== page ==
Data shows corporates are consistently favoured over rural India

Corporate India gets indirect subsidy equivalent to 60 per cent of government expenditure on rural areas

By Jitendra
Published: Wednesday 28 February 2018

Credit: DTE

A recent analysis has revealed a shocking injustice being done consistently to rural India by the government with corporates getting subsidies at its expense.

The Inclusive Media for Change, a New Delhi-based non-profit has analysed the last seven Union Budgets. It has found that indirect subsidy, termed as “tax expenditure” that was given to corporate tax payers was around 60 per cent of the expenditure incurred by the Union Ministry of Agriculture & Farmers Welfare (MoAFW) and the Union Ministry of Rural Development (MoRD) put together in that year. In the analysis, “tax expenditure” is an umbrella term constituting special tax rates, exemptions, deductions, rebates, deferrals and credits.

The report also found that indirect subsidy given to corporates had been consistently increasing. From Rs 61,765.3 crore in 2011-12, it had increased to Rs 85,026.11 crore in 2017-18 (see ‘A gross injustice’).

The percentage of this indirect subsidy to total expenditure of agriculture and rural has also kept fluctuating. It was 69 per cent in 2011-12, rose to 88.7 per cent in 2012-13, again fell down to 66.7 per cent (2013-14), 68 per cent (2014-15) and again rose to 76.1 percent in 2015-16.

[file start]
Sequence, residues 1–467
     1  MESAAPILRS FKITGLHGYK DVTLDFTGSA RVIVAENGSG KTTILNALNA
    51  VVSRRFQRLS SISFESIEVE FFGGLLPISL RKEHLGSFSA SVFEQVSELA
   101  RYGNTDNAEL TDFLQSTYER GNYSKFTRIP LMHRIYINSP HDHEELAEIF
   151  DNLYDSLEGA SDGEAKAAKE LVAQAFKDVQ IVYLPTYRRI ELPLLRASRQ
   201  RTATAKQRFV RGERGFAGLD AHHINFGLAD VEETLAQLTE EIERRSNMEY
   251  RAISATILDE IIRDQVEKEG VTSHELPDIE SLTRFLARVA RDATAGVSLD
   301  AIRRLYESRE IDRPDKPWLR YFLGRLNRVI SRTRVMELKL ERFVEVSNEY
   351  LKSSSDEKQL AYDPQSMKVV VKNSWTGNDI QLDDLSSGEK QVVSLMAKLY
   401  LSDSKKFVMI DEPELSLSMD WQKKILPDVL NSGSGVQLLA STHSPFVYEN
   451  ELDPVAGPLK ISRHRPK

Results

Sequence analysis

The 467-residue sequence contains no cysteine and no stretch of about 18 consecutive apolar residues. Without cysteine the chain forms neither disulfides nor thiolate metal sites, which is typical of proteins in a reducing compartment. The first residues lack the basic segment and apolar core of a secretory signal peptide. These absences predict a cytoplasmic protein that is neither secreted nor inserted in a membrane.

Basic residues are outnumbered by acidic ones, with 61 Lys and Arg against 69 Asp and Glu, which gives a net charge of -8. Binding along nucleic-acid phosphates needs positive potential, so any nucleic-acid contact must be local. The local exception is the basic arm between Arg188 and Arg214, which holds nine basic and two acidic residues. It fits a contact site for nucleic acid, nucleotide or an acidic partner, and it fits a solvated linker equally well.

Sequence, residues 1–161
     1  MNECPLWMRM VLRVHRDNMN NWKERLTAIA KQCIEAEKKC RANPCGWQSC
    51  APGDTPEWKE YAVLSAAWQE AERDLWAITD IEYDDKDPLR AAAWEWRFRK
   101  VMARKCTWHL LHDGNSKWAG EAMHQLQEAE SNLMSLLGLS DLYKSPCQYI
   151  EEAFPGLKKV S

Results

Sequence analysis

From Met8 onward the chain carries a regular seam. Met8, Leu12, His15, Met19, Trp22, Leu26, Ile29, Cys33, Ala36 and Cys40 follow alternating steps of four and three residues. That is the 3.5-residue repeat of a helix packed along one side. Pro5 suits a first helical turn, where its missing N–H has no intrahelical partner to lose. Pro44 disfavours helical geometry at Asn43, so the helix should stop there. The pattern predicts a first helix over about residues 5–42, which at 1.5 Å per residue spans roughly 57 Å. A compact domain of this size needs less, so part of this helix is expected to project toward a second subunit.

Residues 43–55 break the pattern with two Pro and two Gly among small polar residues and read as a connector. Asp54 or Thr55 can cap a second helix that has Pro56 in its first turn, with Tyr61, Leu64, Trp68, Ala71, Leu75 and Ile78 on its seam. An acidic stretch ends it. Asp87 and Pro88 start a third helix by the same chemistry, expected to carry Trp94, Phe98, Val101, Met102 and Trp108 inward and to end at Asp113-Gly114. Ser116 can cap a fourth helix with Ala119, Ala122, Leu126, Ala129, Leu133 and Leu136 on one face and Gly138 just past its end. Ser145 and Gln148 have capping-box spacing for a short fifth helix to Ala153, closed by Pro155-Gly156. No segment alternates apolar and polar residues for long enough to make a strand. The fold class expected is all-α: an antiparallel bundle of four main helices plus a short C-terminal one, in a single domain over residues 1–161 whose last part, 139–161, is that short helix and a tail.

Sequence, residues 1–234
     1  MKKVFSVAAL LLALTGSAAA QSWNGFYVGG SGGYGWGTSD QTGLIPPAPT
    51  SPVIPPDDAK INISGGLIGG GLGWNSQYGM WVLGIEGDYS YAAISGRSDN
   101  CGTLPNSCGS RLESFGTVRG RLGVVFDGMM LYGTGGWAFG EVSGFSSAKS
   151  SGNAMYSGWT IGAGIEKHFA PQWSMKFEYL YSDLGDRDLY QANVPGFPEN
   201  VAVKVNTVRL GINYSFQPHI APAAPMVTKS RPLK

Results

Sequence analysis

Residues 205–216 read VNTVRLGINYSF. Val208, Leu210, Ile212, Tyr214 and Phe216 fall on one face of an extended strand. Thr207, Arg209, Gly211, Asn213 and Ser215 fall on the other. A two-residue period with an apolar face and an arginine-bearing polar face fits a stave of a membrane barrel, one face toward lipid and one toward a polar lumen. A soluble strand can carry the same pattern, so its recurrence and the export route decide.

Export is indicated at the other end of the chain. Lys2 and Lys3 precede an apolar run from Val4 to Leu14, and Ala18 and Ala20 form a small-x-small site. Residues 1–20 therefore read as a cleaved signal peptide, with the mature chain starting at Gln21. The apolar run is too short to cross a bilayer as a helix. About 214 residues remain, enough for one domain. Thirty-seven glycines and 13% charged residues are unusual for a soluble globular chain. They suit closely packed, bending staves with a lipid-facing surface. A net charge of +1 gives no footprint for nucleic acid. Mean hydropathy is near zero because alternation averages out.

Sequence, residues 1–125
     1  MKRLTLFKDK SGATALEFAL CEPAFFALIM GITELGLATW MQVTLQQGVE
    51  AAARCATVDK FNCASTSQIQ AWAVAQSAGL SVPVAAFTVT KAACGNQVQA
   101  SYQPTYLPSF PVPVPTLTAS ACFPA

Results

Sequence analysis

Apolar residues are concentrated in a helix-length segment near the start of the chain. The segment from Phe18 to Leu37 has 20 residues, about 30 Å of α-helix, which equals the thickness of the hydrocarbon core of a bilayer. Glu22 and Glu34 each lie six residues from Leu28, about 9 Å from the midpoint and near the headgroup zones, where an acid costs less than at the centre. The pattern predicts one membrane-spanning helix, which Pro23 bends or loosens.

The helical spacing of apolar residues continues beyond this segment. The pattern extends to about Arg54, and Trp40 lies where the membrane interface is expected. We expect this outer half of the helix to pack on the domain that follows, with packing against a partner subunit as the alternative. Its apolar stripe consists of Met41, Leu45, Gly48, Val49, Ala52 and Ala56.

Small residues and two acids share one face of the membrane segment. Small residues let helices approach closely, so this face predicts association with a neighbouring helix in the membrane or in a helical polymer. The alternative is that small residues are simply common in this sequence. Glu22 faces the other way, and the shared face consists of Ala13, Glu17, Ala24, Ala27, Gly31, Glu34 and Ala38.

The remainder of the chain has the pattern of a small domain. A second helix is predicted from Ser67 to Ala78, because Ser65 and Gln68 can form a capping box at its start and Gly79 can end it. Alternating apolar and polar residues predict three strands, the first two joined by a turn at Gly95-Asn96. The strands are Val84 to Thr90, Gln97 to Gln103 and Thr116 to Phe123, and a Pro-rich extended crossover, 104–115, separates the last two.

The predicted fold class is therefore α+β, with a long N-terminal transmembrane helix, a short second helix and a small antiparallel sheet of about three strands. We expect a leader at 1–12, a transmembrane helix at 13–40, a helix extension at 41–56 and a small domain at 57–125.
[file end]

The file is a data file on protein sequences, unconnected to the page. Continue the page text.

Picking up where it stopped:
Besides indirect subsidy to corporate taxpayers, there are other tax incentives to non-corporate taxpayers (which include firms, organisations, associations of persons) and tax breaks and rebates on customs duty and central excise duty which surpassed the total expenditures of the agriculture and rural development departments by a huge margin.

According to The Inclusive Media for Change’s analysis, the total expenditure of the MoAFW and MoRD in financial year 2017-18 was Rs 1,46,388.08 crore. Meanwhile, in the same year, the total revenue impact of tax incentives was estimated to be Rs 2,03,983.74 crore (See ‘Tax incentives greater than government expenditure’).

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